Almost everyone enjoys the popular 90s/00s sitcom Friends.
During this show’s ten season run, the six friends – Phoebe, Joey, Monica, Ross, Rachael, and Chandler – all came into our living rooms every Thursday night for a decade. Soon, they made their way into America’s hearts as an indelible and unforgettable piece of our nation’s rich pop culture.
Friends won a slew of awards almost every single year, the characters were and are household names, and many people still enjoy the re-runs daily even today. Although the show is somewhat dated in certain ways, it’s also timeless, and it’s likely that it will be around in syndication for years to come.
Everyone has a favorite character from the show, and for many, that favorite is Chandler Bing, played by actor Matthew Perry. Chandler is sarcastic and funny and is, at times, sensitive and thoughtful, especially in his relationship with Monica. Like all the characters on Friends, Chandler is a friend that anyone would like to have.
However, something that many people don’t know is that a big piece of the show’s run is a blur for Matthew Perry. In interviews, he has often stated that he remembers almost nothing from seasons three through six. During that period, Matthew Perry was addicted to Vicodin, methadone, amphetamines and alcohol.
Fortunately, Matthew Perry overcame these addictions and today he has been clean and sober since 2001. His struggles and achievements are inspirational to all who love him.
Matthew Perry was born in Williamstown, Massachusetts in 1969. His mother was a Canadian journalist and his father was an actor and model. His parents divorced when he was very young; his mother re-married journalist Keith Morrison and moved the family to Ottawa, Canada where Perry was raised. He is both an American and Canadian citizen.
When Perry was fifteen, he moved to Los Angeles to pursue an acting career. He found early success in improvisational comedy while still in high school, and appeared in several movies and sitcoms before he turned twenty. Starring roles in several sitcoms followed in the subsequent years. It seemed as if he was destined for success at a very young age.
When Perry first heard about Friends, which at the time was called Six of One, he knew it was a project of which he wanted to be a part. He did all he could to secure an audition, and when he did try out, he easily landed the role of Chandler Bing.
Friends quickly became very successful and his popularity and opportunities continued to grow from there. However, to manage the stress from being a player on the nation’s most popular sitcom, he began to drink alcohol more and more. Then, after a jet ski accident in 1997, he was prescribed Vicodin. He quickly became addicted to the painkiller.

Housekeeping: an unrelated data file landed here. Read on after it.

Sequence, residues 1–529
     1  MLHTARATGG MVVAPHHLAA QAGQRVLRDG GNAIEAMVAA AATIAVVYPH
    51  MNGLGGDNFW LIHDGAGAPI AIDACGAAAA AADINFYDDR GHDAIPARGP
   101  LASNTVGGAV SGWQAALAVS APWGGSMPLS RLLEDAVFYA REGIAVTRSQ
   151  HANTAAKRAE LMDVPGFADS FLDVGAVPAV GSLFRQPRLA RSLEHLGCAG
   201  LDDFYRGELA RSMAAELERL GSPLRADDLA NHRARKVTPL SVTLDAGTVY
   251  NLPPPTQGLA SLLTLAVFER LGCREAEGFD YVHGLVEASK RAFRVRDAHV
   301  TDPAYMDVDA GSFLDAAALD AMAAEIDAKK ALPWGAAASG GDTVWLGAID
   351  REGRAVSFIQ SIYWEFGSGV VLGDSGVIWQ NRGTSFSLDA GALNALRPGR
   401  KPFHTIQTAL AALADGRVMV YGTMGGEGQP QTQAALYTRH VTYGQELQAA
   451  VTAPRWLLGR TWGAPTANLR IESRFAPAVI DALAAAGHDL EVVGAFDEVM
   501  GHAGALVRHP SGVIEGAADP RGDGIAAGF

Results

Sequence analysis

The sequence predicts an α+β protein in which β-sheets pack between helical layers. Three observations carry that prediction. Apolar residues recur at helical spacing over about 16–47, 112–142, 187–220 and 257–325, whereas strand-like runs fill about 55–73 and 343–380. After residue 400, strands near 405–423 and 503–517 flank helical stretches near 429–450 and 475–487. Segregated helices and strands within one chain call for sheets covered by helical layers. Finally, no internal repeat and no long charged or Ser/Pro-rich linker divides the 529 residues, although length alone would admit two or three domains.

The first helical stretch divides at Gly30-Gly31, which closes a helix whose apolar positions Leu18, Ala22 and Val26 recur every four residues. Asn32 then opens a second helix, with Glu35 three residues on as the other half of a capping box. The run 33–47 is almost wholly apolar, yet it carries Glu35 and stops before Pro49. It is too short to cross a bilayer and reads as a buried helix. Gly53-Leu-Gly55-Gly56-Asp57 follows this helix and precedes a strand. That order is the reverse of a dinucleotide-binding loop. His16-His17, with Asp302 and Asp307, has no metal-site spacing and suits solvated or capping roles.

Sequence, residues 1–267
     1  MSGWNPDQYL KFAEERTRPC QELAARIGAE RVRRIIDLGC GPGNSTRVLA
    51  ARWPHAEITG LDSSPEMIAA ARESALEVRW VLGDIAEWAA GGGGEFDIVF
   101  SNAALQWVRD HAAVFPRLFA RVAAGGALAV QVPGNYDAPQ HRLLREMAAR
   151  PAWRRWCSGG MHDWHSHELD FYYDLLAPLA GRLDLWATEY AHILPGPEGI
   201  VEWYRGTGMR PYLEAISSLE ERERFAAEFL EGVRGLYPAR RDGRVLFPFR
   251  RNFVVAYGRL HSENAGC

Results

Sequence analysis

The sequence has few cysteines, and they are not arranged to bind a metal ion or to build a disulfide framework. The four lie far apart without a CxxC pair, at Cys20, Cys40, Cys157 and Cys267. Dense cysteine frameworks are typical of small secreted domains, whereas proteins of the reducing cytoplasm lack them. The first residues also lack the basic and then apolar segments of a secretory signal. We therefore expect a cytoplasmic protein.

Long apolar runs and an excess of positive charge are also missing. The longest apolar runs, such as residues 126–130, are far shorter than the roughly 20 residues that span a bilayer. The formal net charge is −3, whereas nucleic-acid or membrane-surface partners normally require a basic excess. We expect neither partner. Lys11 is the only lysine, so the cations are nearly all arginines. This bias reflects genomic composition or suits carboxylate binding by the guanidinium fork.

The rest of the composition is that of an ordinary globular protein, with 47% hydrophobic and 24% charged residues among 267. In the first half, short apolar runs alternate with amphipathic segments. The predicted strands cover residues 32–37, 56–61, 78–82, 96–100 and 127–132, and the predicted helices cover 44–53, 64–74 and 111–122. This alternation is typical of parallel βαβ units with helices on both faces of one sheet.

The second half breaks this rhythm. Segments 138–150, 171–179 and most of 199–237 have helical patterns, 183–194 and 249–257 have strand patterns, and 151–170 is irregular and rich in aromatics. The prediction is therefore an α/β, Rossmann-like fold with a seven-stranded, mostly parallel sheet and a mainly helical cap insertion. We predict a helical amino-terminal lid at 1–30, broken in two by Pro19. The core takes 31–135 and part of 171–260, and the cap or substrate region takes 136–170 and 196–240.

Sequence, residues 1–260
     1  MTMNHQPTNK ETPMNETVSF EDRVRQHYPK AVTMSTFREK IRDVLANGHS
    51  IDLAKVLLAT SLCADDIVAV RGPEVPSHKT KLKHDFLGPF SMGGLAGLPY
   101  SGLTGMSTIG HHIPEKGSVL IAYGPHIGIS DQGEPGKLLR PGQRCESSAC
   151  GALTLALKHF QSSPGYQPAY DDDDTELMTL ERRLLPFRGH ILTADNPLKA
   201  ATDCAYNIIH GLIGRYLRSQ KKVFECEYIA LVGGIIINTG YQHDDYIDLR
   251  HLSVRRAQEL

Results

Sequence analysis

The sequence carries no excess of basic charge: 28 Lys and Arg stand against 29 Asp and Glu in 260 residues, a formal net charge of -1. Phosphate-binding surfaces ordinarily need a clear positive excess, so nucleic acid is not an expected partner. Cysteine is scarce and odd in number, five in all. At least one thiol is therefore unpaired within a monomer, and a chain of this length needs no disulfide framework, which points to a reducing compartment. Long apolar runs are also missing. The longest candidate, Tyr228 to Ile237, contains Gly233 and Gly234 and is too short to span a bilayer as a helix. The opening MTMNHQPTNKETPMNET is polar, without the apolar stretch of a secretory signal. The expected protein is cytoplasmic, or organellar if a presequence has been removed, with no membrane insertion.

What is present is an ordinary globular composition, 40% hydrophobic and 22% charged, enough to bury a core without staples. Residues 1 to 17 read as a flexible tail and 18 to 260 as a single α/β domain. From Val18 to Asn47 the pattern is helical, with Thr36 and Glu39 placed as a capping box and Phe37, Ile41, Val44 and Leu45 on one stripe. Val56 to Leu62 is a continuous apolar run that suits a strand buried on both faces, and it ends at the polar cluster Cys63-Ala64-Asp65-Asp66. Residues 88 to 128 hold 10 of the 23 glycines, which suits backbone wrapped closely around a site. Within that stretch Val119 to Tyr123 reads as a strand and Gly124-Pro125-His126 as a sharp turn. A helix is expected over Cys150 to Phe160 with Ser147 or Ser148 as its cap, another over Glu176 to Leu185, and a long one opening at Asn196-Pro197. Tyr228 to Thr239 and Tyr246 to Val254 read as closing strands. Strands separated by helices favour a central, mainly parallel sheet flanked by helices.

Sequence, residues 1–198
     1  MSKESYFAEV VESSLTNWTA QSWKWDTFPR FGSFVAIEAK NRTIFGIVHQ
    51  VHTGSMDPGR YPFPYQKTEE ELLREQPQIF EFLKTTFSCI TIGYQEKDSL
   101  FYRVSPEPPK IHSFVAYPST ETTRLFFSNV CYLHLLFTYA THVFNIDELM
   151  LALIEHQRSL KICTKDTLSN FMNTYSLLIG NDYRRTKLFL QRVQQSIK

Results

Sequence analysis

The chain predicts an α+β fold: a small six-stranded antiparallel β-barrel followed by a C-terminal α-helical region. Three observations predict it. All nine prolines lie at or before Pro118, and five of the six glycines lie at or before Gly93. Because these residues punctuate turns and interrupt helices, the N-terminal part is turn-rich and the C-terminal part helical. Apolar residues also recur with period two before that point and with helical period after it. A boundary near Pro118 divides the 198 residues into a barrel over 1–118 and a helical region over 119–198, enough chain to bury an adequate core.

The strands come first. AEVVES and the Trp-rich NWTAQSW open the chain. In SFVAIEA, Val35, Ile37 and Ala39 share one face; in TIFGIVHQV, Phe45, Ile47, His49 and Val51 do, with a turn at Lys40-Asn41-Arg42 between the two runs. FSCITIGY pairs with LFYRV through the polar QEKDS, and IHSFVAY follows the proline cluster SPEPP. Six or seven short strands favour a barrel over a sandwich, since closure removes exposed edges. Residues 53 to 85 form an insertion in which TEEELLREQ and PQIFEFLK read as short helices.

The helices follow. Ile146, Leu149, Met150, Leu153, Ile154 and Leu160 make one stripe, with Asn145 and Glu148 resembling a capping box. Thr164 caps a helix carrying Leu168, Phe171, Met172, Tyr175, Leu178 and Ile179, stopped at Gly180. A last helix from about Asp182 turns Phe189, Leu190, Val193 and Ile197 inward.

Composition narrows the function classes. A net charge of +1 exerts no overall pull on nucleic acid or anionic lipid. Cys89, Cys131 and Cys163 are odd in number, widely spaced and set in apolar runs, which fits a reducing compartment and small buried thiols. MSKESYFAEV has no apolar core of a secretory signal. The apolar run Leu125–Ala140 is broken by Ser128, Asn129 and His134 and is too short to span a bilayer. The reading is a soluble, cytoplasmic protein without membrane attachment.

Addiction and Recovery
Soon, Perry realized he was struggling. He was very unhealthy and lost over twenty pounds in a short time – a weight loss that is quite obvious to fans of the show. He checked into rehab later that year and spent twenty-eight days in Minnesota’s Hazelden Betty Ford clinic.
However, his first stint in rehab did not quite do the trick. He continued to drink and use Vicodin and added amphetamines and methadone to his vices. In 2000, he experienced alcohol-induced pancreatitis – a potentially deadly condition – but he continued to drink and use.
His co-stars on Friends watched his decline and tried to intervene but there was little they could do. As anyone in recovery knows, the afflicted individual must hit rock bottom and decide to change on his or her own, no matter what anyone else says and no matter how hard others try to encourage treatment.
Finally, in February of 2001, he saw the light. There was no specific incident that inspired the change, he just knew it was time. Perry knew that if he continued on the path he was on, he would die. He called his parents for help, flew to Los Angeles, and entered rehab a third time.
This time, it was effective. Perry was able to shed his unhealthy habits and relearned how to have a happy, productive life without alcohol or drugs.
Since 2001, Perry has continued to move forward on a clean and sober path. In 2011, he returned to rehab briefly to help solidify his ongoing sobriety; soon after, he opened the Perry House in Malibu to help others who struggle with addiction, and he received a Champion of Recovery award from the White House Office of National Drug Control Policy as a result. He sold the facility in 2015, but he is still vocally supportive of others who wish to recover from problems similar to those he faced.
Further, Perry has also acted as a celebrity spokesman for the National Association of Drug Court Professionals.Although he did not pass through the drug court system himself, he is a strong supporter of drug court programs that redirect non-violent drug offenders into rehabilitation programs instead of into prison sentences. He has personally worked to lobby Congress for more funding for drug court programs.
Matthew Perry is a success story. Like so many others, he struggled with his addictions but he managed to free himself from them and was able to move forward with his life and career while following a clean and sober path. He is proof that people can break free from addiction, they simply have to decide to do so and then put in the work to succeed on an ongoing basis, each and every day. Fans of Friends can be reminded of the rise and fall and rise again of Matthew Perry every time they watch the show.
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